Seahawks’ Lynch duels with Vikings’ Peterson


RENTON, Wash. — Lewd and loud music pounded out from Marshawn Lynch’s locker as fullback Michael Robinson tried to explain two of the best running backs in the NFL, Lynch and Minnesota’s Adrian Peterson.

“They both are very explosive runners,” Robinson said. “They get 25, 30 yards down the field like that.

“The difference is, I look at AP, I call him a color runner. He’s talked out of going certain places because of color, he feels and sees color. Marshawn is more of a cutback, cut-against-the-grain, lower my shoulder get north type of guy.

“Not saying AP doesn’t do that. He’s trying to get out, break out, explode trying to get to a touchdown as opposed to Marshawn is going to go right through.”

The two will be at CenturyLink Field Sunday afternoon when the Seahawks host the Vikings at 1:25 p.m.

Their production and size are similar. Other things are not.

The dreadlocked Lynch is from a hard-scrabble section of Oakland. The clean-shaven Peterson is from Palestine, Texas, a city of less than 20 square miles and 20,000 people stationed between Dallas and Houston. Each October, the Hot Pepper Festival is a hit there.

Their base physical numbers — Lynch is 5-foot-11, 215 pounds to Peterson’s 6-foot-1, 217 pounds — are close. But, their frames are not alike and those differences influence their running styles.

Peterson is more upright when he runs. He’s just two inches taller than Lynch, yet those two inches make him look markedly different than Seattle’s back. He’s built in a more linear way, which could well be the explanation for his superior top-end speed. Peterson ran the 40-yard dash in 4.4 seconds at the NFL Combine.

He also looks like someone a sculptor carved, then took the leftover clay and just decided to attach it in the form of defined muscles.

Lynch is shaped more like a sugar cube on top of two dice. Square and broad-shouldered, he’s a compacted battering ram with nimble feet.

Lynch also has a gymnast’s balance. Defenders often fail to knock him off his center of gravity in tight spaces.

“Marshawn is going to make people miss in a phone booth,” Seahawks offensive coordinator Darrell Bevell said.

Each has used his gifts to develop into the top two backs in the NFL the last three years. Since 2011, Peterson leads the league with 3,853 rushing yards. Lynch is second with 3,665 yards. Peterson has a league-leading 33 rushing touchdowns. Lynch’s is second with 30. Lynch has played four more games during that time period, however.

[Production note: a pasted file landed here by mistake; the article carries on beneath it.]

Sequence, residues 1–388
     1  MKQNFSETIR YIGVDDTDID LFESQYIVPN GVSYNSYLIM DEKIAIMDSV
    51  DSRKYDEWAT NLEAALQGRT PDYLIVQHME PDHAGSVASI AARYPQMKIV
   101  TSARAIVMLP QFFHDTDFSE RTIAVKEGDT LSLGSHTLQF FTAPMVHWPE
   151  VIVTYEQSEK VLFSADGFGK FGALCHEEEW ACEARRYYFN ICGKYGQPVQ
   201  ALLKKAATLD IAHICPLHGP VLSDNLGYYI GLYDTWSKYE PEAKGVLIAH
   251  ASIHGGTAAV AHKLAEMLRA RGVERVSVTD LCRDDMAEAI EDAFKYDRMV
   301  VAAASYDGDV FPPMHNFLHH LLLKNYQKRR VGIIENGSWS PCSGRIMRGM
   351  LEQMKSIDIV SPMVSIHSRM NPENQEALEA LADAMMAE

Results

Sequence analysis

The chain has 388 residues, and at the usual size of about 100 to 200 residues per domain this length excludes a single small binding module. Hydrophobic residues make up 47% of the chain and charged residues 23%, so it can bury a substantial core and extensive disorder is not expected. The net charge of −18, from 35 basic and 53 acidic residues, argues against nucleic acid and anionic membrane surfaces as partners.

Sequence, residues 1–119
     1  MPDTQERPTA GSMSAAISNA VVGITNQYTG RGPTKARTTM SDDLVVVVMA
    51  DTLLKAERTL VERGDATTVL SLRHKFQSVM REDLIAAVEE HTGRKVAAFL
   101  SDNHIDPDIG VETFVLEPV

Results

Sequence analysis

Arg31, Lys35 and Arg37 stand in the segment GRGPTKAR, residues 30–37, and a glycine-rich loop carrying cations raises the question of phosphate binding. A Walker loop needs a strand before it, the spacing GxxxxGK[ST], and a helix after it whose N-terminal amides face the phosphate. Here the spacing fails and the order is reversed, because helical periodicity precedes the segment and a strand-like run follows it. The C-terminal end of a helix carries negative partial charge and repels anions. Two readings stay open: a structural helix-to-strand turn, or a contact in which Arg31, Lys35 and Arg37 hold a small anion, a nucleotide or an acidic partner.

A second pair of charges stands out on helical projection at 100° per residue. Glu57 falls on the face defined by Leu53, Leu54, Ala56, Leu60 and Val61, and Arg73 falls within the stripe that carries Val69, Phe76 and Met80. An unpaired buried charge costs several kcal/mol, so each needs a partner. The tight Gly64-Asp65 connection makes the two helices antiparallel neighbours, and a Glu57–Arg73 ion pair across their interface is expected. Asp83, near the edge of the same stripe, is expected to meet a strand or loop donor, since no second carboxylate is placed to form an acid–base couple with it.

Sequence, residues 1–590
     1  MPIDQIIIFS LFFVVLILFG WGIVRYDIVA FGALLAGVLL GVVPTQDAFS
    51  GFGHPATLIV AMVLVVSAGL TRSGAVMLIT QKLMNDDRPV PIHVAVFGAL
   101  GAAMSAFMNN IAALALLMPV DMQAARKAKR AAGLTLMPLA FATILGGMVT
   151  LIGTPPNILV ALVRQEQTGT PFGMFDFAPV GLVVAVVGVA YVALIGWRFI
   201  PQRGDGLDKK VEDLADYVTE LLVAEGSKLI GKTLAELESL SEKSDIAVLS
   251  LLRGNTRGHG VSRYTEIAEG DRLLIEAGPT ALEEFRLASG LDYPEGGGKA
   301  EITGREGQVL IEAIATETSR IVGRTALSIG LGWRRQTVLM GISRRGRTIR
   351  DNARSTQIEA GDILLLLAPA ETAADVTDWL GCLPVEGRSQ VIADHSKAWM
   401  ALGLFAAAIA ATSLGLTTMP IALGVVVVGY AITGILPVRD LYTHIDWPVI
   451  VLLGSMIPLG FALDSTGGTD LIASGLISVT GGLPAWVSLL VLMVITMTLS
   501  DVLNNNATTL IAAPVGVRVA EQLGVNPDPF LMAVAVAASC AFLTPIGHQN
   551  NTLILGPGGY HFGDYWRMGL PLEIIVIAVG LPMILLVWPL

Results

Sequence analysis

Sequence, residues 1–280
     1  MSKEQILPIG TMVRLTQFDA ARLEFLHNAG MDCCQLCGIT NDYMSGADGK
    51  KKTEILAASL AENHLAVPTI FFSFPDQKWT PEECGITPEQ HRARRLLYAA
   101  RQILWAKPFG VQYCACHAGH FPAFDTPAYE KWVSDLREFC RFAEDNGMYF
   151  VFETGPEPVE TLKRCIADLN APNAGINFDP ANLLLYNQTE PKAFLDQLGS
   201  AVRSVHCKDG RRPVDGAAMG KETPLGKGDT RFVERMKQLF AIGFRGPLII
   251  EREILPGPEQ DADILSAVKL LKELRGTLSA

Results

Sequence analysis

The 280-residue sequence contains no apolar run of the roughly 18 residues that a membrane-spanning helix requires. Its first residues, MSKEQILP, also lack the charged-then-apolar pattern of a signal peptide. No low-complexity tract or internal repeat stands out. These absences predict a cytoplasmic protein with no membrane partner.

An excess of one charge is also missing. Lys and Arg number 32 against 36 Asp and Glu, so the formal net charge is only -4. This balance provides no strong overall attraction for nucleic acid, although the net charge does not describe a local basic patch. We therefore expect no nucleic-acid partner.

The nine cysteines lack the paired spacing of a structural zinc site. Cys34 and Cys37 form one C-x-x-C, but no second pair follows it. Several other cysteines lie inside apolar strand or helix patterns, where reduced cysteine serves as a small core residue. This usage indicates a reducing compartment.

Both carry freak of nature stories. Lynch’s was spun when he rumbled through the New Orleans Saints for a 67-yard touchdown in the 2010 postseason that led to seismic activity being recorded around CenturyLink Field during the celebration.

Peterson’s came last season, when less than a year after tearing his ACL and MCL, he ran for more than 2,000 yards, was named NFL MVP and finished eight yards short of the single-season rushing record held by Eric Dickerson.

What happened last year at CenturyLink Field helped keep Peterson from the record.

It wasn’t what the Seahawks did, but more what Minnesota did not.

After Peterson gained 144 yards on 12 carries in the first half, he was given the ball just five more times in the second half for another 38 yards. Peterson finished with a then season-high 182 yards on just 17 carries.

Minnesota head coach Leslie Frazier said the Seahawks began to put eight or nine defenders in the tackle box, so the Vikings thought passing opportunities would be there.

Peterson was diplomatic, but did not know why the Vikings changed.

“I always want the ball more,” Peterson said at the time. “That’s my mentality, especially when I’m hot. I go out and do my job no matter what the play call is. That’s all I can do.”

Lynch would understand that line of thinking.

Sunday, in what is expected to be a cool and wet CenturyLink Field, the two will be the starting points for each team’s offense. The Seahawks have had trouble against the run of late, though appeared better last week against a putrid Atlanta rushing offense which is last in the league.

Success against Peterson will be a proper measurement of how the run defense has improved, if it has.

And, no matter what he does, the Seahawks will back their guy.

“Nobody like Marshawn,” linebacker Bobby Wagner said. “Marshawn’s the best in the business.”

Peterson may have something to say about that.


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